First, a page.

The truth of the matter is that Paul was a child of his own day and shared many ideas belonging to a pre-critical worldview. These survivals from our pre-critical past, which one finds in Paul’s writings, serve as vivid reminders that the Bible does not belong to our age. Here is a quotation from the introduction to my new book just now coming off the press:

The Bible is a selective collection of ancient texts whose ideas are, in part, simply out of place with what is known about how things work in the physical universe. Readers of the Bible should be cautious in accepting without challenge what it says.2

In short, arcane magic is a chthonic force in the world only if you believe it to be so, and it appears that Paul did believe in the dark forces of the world (1 Cor 15:24; cf. Eph 6:12). Believing a thing to be so wills it into reality for the believer—even though it is not real.

Charles W. Hedrick
Professor Emeritus
Missouri State University

1Hedrick, “Putting Paul in his Place,” The Fourth R 31/1 (2018) 5-8.
2Hedrick, Unmasking Biblical Faiths. The Marginal Relevance of the Bible for Contemporary Religious Faith (Eugene, OR: Cascade, 2018), 12.

8 comments:

  1. Hi Charlie,

    I'm thinking that reality does not change but humankind's interpretation of reality does change. For example, the Galatians were amenable to changing their minds - nothing new about that across the centuries. Interpretation of why minds change, however, in most circles today probably wouldn't include a belief of amenability to a spell being cast.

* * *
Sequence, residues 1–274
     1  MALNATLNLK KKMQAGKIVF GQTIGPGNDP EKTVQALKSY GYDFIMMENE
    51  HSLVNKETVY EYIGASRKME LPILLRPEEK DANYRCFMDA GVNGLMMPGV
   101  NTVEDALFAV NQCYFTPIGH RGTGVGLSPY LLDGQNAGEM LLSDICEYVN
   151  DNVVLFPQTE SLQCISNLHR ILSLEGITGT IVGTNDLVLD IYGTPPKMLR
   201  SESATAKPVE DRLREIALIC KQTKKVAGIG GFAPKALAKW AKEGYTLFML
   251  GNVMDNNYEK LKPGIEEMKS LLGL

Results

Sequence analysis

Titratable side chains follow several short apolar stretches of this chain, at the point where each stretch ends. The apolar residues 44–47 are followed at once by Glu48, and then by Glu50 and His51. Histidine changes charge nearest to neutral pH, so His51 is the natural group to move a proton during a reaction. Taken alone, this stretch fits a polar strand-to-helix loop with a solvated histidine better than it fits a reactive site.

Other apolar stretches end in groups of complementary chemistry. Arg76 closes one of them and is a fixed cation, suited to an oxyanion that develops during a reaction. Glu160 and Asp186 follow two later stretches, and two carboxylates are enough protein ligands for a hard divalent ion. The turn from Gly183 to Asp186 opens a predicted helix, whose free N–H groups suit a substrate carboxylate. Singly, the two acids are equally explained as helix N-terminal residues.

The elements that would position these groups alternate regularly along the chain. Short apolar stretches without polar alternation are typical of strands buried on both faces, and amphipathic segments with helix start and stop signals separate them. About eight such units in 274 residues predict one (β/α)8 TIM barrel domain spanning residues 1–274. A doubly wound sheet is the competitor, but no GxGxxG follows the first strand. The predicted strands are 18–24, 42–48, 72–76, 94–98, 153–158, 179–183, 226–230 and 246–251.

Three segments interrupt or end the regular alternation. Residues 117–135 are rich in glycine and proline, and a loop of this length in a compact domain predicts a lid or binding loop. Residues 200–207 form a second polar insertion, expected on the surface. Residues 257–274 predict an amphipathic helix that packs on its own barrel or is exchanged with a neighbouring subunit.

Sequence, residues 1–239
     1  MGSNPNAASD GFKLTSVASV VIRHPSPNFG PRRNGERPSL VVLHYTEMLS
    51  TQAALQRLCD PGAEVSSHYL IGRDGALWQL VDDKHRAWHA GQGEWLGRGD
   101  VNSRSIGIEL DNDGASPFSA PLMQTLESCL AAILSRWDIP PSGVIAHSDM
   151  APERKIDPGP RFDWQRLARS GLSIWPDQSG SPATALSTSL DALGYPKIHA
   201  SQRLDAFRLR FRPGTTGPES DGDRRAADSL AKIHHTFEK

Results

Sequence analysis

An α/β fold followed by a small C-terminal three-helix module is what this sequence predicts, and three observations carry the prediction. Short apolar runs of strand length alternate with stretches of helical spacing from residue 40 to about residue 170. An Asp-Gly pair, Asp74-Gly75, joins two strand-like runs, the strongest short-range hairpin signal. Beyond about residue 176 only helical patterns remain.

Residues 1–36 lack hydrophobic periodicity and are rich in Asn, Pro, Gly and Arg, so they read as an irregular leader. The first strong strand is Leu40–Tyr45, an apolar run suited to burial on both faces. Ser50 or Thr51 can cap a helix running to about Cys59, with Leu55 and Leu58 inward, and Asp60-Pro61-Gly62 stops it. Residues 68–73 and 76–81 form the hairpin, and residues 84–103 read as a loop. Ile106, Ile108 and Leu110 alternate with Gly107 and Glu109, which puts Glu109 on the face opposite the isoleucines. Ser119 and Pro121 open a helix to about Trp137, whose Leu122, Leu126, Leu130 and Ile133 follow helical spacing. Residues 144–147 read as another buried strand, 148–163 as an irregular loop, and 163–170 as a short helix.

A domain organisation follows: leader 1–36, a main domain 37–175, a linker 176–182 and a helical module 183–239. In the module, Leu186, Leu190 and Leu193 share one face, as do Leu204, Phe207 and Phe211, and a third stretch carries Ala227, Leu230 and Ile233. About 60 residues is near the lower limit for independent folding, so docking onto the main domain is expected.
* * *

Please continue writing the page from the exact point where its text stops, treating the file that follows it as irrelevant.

Perhaps we overemphasize phenomena such as beliefs in casting spells found in the scriptures to the detriment of what is true across the ages. "Did you receive the spirit by doing works of the law or by believing/trusting what you heard?" (Gal 3:2) is as legitimate a question now as it was them.

    Your comment that "the Bible does not belong to our own age" is not how I would put it. The Bible seems to me to belong to our own age in the ways that matter most and does not belong to our own age in the ways that matter least.

    Gene Stecher
    Chambersburg, Pa.



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    1. "The Bible seems to me to belong to our own age in the ways that matter most and does not belong to our own age in the ways that matter least."

      Well said- and I agree wholeheartedly... Thank you Gene!! Elizabeth

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    2. Hi Gene and Elizabeth,